THE First World War was fought not just on foreign shores: the destructive power of modern warfare was brought home many times. Britain came under attack from air and sea; the first naval raid on Britain was on Great Yarmouth, in November 1914, although little damage was caused. In the later bombardment, by German warships, of the Hartlepools, Scarborough, and Whitby, on 16 December 1914, however, 150 men, women, and children were killed. It also significantly damaged the railway. A German naval shell smacked through the wall at West Hartlepool Station, narrowly missing a train and killing three railway workers.
Naval raids were a rare occurrence, but, from 1915, raids by Zeppelin airship, and, later Gotha and Zeppelin-Staaken Giant “R” type planes, became a constant threat. London was targeted: Liverpool Street Station was hit by three bombs on 13 June 1917, damaging a train about to leave for Hunstanton, and destroying two carriages that were being used as a medical centre for men joining the armed forces. Railway staff were killed.
The army officer and celebrated war poet Siegfried Sassoon witnessed the event. He later wrote that “in a trench one was acclimatised to the notion of being exterminated, and there was a sense of organised retaliation. But here one was helpless; an invisible enemy sent destruction spinning down from a fine weather sky.”
The question what to do on the railways in an air raid took almost two years to decide. Air raids, or the threat of them, often stopped railway traffic for many hours, which could cause almost as much damage to the war effort as a Zeppelin-load of bombs. It was finally decided that trains would run at reduced speeds, but still operate after an air-raid warning; and work in goods yards would continue unless bombs physically stopped the work.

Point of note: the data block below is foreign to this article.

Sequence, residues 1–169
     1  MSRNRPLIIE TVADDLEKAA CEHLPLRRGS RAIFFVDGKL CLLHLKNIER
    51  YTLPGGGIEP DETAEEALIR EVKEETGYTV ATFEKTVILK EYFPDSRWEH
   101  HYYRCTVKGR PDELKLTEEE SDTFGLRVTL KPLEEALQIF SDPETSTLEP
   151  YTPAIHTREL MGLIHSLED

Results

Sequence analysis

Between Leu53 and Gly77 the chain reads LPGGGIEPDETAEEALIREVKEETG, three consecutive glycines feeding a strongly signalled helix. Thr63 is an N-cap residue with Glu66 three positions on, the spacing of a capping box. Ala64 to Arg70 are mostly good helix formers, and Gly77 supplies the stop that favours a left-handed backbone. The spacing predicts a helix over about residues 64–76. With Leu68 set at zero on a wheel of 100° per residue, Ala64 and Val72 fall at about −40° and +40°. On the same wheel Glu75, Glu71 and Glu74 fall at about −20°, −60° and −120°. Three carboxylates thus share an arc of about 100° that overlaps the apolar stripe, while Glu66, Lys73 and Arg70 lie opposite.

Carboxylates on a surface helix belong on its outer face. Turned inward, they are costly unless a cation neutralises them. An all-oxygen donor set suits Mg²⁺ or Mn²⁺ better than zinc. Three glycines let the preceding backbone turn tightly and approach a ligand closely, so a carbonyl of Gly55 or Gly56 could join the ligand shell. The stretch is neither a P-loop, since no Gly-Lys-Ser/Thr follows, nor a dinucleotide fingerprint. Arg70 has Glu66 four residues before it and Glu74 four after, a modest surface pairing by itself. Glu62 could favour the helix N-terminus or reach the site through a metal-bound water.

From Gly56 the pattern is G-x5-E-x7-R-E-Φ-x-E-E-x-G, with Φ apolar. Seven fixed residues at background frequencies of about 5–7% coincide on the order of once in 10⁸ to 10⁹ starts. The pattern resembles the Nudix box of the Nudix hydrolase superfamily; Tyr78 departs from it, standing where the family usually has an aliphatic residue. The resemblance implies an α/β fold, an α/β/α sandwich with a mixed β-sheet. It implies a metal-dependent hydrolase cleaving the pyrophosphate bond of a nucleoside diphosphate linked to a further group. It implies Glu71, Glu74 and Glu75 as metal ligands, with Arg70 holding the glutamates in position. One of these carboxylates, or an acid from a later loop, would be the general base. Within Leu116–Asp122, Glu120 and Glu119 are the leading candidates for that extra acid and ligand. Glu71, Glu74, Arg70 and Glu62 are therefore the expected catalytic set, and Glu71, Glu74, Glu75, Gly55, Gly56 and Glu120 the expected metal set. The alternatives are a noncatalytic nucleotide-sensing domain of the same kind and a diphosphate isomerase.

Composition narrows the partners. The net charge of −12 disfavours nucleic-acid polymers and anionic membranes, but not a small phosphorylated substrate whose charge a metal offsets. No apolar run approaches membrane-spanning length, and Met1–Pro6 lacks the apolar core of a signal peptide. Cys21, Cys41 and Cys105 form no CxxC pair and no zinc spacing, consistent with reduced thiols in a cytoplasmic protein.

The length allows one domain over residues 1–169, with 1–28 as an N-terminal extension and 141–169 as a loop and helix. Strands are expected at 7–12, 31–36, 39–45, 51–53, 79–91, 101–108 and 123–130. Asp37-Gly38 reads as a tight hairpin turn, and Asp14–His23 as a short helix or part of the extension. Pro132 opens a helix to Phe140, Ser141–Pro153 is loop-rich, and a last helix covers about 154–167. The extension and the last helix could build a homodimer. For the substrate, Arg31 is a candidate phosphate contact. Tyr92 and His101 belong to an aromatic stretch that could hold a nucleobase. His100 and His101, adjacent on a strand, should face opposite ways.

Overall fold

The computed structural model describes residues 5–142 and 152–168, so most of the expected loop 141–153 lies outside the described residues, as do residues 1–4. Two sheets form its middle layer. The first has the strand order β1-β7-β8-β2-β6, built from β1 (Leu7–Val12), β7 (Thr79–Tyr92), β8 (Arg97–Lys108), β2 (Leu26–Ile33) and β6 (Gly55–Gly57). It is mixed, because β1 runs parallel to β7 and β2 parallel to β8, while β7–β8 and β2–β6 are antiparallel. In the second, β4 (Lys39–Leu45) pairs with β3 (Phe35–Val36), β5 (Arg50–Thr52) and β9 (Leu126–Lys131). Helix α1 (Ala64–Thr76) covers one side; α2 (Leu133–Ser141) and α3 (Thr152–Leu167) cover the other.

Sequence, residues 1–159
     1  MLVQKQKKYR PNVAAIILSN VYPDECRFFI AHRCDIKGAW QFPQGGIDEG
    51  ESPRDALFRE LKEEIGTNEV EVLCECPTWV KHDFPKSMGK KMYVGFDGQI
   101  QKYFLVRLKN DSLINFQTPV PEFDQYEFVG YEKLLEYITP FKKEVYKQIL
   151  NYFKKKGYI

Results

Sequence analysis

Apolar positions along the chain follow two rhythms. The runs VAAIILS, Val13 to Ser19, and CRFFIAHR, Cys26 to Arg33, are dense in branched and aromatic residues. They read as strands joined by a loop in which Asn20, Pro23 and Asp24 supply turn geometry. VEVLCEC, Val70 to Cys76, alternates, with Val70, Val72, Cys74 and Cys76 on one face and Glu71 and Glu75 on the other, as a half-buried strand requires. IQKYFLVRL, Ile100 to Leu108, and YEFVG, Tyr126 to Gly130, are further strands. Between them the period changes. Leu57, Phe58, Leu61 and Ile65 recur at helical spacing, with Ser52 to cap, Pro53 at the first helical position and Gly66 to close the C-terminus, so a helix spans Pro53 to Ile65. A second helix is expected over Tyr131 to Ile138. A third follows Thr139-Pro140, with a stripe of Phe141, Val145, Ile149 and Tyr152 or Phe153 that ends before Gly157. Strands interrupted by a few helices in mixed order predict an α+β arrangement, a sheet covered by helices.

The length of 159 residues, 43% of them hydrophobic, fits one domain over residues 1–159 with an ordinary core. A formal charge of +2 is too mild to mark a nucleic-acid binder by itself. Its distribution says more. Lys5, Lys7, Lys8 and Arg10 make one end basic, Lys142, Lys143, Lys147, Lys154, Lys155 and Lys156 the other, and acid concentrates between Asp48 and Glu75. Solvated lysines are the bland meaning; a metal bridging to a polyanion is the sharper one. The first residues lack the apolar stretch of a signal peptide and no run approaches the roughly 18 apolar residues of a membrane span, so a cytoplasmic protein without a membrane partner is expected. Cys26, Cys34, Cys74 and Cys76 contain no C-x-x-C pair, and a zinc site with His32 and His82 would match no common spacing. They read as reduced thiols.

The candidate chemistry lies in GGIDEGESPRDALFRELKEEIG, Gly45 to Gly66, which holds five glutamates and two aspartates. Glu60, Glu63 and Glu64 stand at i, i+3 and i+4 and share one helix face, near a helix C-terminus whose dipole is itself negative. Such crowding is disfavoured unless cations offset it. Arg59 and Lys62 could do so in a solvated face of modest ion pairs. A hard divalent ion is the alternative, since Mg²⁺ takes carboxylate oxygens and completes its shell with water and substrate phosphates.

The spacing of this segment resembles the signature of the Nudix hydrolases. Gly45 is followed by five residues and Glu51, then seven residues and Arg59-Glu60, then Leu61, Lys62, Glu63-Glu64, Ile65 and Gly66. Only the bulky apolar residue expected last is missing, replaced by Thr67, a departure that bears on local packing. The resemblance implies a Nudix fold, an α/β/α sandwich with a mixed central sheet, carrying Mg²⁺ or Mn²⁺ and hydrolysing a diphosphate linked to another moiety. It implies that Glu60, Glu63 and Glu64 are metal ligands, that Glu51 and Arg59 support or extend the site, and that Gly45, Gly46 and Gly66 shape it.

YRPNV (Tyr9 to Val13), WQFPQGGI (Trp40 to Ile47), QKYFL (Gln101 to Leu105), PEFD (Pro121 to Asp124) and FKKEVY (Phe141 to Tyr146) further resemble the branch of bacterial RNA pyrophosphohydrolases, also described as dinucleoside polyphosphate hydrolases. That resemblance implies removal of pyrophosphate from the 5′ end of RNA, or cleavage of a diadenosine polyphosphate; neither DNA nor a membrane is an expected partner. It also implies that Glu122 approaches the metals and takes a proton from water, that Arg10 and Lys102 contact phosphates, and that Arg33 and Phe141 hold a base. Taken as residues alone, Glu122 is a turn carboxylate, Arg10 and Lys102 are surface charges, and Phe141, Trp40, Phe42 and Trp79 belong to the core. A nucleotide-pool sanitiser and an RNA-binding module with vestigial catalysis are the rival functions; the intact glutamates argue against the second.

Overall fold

Trains were easy targets, particularly at night: the sparks from the chimney and the opening firebox door could be seen from above, and even the windows of passenger trains were clearly visible. There were warnings of fines for those who left window blinds open on passenger trains, although these threats usually went unheeded.
THE railways fought back against the enemy raiders. Two armoured trains were specially built for home defence: one based on the north Norfolk coast, and the other on the east coast of Scotland. The North Eastern Railway also fitted 12 six-inch naval guns to railway wagons, which were used against Zeppelins; and the Great Northern Railway converted naval searchlights for use as anti-aircraft searchlights.
Perhaps the most famous trains of the war were the “Jellicoe Specials” (named after Admiral Jellicoe, commander of the Grand Fleet), which transported vast amounts of coal from the south Wales to the Royal Navy’s main base in the Orkney Islands. In peacetime, it was cheaper to ship coal most of the way, but, when war broke out, the threat from U-boats meant severaly curtailed coastal trade, and coal trains began to travel the length of the country.
The first Jellicoe Special left Pontypool Road at 12.35 a.m. on 27 August 1914 for the 375-mile journey to Grangemouth. The journey took just under 24 hours, and travelled at an average speed of under eight miles per hour. Although to the modern eye this would appear extremely slow, the constant procession of trains ensured that enough coal was available throughout the war. By 1918, 109 Jellicoe Specials were running per week, carrying 44,100 tons of coal.